Although next-generation sequencing (NGS) has helped characterize the complex genomic landscape of myeloid malignancies, its clinical utility remains undefined. This has resulted in variable funding for NGS testing, limiting its accessibility. At our center, targeted sequencing (TAR-SEQ) using a 54-gene NGS myeloid panel is offered to all new patients referred for myeloid malignancies, as part of a prospective observational study. Here, we evaluated the diagnostic, prognostic, and potential therapeutic utility of clinical grade TAR-SEQ in the routine workflow of 179 patients with myeloproliferative neoplasms (MPN).
Of 13 patients with triple negative (TN) MPN, who lacked driver mutations in JAK2, CALR, and MPL, TAR-SEQ confirmed clonal hematopoiesis in 8 patients. In patients with intermediate-risk myelofibrosis (MF), TAR-SEQ helped optimize clinical decisions in hematopoietic cell transplant (HCT)-eligible patients through identifying a high molecular risk (HMR) mutation profile. The presence of an HMR profile favored HCT in 9 patients with intermediate-1 risk MF. Absence of an HMR profile resulted in a delayed HCT strategy in 10 patients with intermediate-2 risk MF, 7 of which were stable at the last follow-up. Finally, TAR-SEQ identified patients with various targetable mutations in IDH1/2 (4%), spliceosome genes (28%), and EZH2 (7%). Some of these patients can be potential candidates for future targeted therapy trials.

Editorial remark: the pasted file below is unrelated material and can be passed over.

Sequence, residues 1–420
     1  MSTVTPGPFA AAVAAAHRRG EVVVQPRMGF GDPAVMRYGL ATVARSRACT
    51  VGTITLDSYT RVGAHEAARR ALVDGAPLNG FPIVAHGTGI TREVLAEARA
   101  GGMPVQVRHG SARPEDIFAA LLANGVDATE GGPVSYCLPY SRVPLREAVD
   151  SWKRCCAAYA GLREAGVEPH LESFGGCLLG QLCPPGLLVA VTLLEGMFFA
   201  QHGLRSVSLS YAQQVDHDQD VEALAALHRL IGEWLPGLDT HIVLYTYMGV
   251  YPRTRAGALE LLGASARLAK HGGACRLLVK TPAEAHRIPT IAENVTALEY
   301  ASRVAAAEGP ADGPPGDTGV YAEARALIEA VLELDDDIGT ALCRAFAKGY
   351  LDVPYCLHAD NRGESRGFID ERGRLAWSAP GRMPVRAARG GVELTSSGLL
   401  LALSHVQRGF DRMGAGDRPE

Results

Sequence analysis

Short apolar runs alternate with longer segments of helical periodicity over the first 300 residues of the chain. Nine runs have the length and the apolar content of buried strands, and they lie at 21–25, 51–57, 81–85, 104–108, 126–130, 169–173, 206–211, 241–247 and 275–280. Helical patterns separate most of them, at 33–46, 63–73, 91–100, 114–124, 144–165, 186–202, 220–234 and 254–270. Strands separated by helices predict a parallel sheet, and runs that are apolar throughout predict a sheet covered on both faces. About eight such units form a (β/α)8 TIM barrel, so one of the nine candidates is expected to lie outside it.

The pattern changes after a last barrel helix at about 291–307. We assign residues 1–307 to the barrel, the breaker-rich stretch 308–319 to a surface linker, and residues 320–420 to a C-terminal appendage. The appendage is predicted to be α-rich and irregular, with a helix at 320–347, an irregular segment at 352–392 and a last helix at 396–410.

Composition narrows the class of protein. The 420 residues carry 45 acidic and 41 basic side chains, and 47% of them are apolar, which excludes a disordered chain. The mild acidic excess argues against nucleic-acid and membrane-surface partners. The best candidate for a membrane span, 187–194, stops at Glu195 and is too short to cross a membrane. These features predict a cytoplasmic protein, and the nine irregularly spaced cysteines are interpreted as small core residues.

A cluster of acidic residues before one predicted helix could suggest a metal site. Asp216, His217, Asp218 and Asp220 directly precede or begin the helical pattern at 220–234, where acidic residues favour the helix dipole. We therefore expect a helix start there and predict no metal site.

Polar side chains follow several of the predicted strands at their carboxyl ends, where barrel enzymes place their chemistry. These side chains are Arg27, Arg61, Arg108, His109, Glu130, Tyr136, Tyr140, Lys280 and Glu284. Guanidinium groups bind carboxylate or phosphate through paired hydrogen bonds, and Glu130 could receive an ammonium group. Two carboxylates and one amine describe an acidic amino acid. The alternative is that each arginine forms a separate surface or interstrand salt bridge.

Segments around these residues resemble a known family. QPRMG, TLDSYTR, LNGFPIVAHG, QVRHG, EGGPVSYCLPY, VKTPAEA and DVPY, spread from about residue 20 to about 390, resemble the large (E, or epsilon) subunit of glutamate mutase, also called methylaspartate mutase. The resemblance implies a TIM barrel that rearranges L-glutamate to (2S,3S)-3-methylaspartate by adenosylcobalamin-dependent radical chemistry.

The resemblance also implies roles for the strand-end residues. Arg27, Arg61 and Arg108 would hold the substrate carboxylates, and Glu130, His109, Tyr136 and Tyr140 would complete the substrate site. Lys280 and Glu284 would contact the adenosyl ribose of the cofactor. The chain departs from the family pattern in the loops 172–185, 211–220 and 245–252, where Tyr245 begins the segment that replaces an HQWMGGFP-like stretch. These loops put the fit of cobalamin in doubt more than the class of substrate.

In conclusion, we have demonstrated that TAR-SEQ improves the characterization of TN MPN, can be integrated in clinical practice as an additional tool to refine decision making in HCT, and has the potential to identify candidates for future targeted therapy trials.